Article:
Government intervention in business is an issue Romney has tiptoed around among conservatives and tea party supporters in his own party. The former Massachusetts governor has blamed the president for expansion of government during his term -- bailouts, Obamacare, picking so-called winners and losers in the energy sector -- which those Republican supporters have blamed for the country's current $16 trillion debt.

It's not uncommon for the government to step in on behalf of American businesses, in the case of China. Obama has filed eight cases against China at the World Trade Organization in his term.

It may be a wise decision in order to protect American enterprises. Romney could benefit among voters by promoting government intervention similar to that which Obama and virtually every American president before him has taken, and note that it's a necessary step to eliminate so-called cheating and help mature the investment relationship between the U.S. and China.

A complaint among Americans is that U.S. firms have moved their operations to China, which has hurt jobs here -- Romney has rolled out blame in the past week against Obama's policies for allowing this to happen.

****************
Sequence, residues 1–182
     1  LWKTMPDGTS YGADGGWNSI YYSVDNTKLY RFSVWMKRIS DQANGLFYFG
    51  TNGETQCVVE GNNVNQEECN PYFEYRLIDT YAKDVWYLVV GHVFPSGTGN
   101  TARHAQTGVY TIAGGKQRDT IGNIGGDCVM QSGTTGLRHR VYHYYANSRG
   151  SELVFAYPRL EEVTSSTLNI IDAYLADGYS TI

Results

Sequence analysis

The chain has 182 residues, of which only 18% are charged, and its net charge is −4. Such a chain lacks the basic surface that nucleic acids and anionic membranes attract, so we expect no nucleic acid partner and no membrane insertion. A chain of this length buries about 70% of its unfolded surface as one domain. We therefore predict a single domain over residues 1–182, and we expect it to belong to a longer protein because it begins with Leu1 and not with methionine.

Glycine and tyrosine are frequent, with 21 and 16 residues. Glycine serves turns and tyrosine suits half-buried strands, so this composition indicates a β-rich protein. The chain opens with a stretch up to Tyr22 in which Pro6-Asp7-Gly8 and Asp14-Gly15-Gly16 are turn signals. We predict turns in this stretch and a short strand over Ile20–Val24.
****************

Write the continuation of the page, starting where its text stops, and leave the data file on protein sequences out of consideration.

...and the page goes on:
Charles Schwab's Gibley said the mood could be shifting.

"You're starting to see some companies move out of China and potentially back to the United States, just because the wage differential -- that ability to arbitrage the difference in wages is narrowing," said Gibley.

The costs of manufacturing overseas have risen, particularly in China as its yuan currency has strengthened against the U.S. dollar.

Economic reforms that have evolved in China since the end of Mao Zedong's leadership came with influence by the United States. Deng Xiaoping, who eventually became the leader of the Chinese Communist Party, understood that a shift from the Soviet-Stalinist model of socialism to a market economy was in the country's best interest.

Stanford's Lewis said Romney could focus on collaborative innovation -- technology transfer and technology sharing in which Chinese and U.S. companies work together to advance technology.

"Let's face it, the U.S. has a very substantial technological lead on China ... but we are moving towards much greater integration of our two economies," said Lewis.

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